The Millionaire Next Door. The Millionaire Next Door explains how people who have accumulated wealth in the United States approach money. It explained SO much I didn’t know. I highly recommend checking this book out if, like me, you did not grow up in a household that regularly talked about maximizing income, acquiring assets, and investing.
Resourcing Youth Power Coalition. At the same time I’m exploring low-consumption, I’m also exploring abundance in mobilizing resources, especially for organizers within the Youth Power Coalition. I recognize that an all-volunteer effort is not sustainable while an all-paid staff effort isn’t, either, not when we live in a world that’s so inequitable. All volunteer is not sustainable because those most impacted by inequity are those who most need financial resources. Organizers need to be paid. At the same time, all paid is not sustainable because The Revolution Will Not Be Funded: Beyond the Non-Profit Industrial Complex. I’ve also come to recognize that I need to advocate for funding the roles I currently hold because that’s what makes it accessible to the next role holders. Only by funding these roles can I ensure they can be passed on.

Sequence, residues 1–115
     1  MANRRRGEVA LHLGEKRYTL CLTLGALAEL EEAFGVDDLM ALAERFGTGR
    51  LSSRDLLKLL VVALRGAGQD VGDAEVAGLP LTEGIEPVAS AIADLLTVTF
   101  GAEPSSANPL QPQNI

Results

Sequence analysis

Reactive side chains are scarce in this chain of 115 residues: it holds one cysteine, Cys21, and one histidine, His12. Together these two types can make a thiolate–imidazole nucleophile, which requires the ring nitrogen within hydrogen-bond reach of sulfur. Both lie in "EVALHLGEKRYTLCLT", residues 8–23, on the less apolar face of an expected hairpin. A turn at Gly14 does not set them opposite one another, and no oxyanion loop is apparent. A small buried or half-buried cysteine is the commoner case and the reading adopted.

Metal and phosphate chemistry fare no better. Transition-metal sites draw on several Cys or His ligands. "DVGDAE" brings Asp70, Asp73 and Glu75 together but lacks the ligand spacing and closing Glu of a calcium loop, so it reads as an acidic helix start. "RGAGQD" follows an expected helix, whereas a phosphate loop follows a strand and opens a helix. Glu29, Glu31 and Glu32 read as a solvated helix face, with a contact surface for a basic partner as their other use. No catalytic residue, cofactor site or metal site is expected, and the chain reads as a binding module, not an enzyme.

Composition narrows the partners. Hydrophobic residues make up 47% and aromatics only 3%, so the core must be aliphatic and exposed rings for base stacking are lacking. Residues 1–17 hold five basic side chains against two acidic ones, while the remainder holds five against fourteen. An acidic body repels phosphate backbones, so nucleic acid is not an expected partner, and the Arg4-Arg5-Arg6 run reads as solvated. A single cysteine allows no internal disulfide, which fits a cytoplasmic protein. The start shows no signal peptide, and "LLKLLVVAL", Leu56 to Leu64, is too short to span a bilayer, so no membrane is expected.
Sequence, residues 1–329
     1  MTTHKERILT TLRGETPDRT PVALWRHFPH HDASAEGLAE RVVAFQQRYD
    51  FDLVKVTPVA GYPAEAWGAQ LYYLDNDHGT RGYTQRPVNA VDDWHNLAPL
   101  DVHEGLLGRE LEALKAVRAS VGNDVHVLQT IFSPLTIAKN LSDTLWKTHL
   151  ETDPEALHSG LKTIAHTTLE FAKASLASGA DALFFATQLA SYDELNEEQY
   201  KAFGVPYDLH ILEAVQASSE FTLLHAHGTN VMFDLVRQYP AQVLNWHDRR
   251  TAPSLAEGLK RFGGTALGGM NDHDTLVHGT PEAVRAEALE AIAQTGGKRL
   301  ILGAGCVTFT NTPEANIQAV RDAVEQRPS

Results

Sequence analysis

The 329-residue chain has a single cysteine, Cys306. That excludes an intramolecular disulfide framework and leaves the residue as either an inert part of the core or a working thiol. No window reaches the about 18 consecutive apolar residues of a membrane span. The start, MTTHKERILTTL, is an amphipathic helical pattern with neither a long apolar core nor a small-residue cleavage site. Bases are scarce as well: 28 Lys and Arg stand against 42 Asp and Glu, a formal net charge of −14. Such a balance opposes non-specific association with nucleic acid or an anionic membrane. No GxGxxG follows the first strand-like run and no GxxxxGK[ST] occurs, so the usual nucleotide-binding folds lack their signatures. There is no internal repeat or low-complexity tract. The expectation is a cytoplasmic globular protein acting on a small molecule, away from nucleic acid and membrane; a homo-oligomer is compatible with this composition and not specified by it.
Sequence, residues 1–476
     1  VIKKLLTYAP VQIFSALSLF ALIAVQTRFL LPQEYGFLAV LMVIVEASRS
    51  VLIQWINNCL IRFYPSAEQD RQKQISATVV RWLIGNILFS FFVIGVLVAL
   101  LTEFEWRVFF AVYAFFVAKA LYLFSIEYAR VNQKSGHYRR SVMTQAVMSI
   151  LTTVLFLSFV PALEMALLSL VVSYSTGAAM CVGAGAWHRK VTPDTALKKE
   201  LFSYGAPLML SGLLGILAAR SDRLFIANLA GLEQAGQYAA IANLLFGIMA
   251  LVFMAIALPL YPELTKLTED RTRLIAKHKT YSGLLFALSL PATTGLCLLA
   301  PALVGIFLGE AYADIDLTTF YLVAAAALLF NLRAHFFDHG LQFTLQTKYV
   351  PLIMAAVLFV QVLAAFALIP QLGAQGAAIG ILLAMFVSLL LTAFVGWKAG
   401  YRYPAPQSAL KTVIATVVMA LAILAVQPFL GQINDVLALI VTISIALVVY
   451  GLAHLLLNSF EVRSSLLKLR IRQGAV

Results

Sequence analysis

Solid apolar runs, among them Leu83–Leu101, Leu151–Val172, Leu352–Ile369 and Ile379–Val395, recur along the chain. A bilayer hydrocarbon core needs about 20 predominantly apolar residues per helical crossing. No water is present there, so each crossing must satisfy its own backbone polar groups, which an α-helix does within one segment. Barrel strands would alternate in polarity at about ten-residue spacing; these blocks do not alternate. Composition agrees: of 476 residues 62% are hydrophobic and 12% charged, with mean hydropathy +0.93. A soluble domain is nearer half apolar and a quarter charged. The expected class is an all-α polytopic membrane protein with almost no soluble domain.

Resourcing Sociocracy for All. I am also now a fundraiser for Sociocracy for All, an organization dedicated to spreading the practice of sociocracy as a tool for creating a world in which everyone collaborates to meet their needs in equitable ways and in respect to all living things. In this role I’m working to build an entire fundraising system in partnership with the founders as opposed to being a founder myself. I’m appreciating the challenge!
Self-Defense… My Newest Activity
I’ve been wanting to learn self defense since forever. My previous training in martial arts focused on the forms and the sport, not the application of it in a real-life situation. My desire to learn self defense only increased with the rise in anti-Asian violence during the COVID-19 pandemic. I’ve also had a past experience of being held up at knifepoint in the subway. My split-second response was to grab the attacker’s wrist to keep the knife away from me, but I didn’t know enough to make the attacker drop their knife. If they wanted to really hurt me, they could have. What I should have done instead was 1) keep situational awareness and avoid becoming a target in the first place, 2) throw my possessions over and flee while the attacker is distracted, and 3) if I had to engage, make it impossible for the attacker to counter.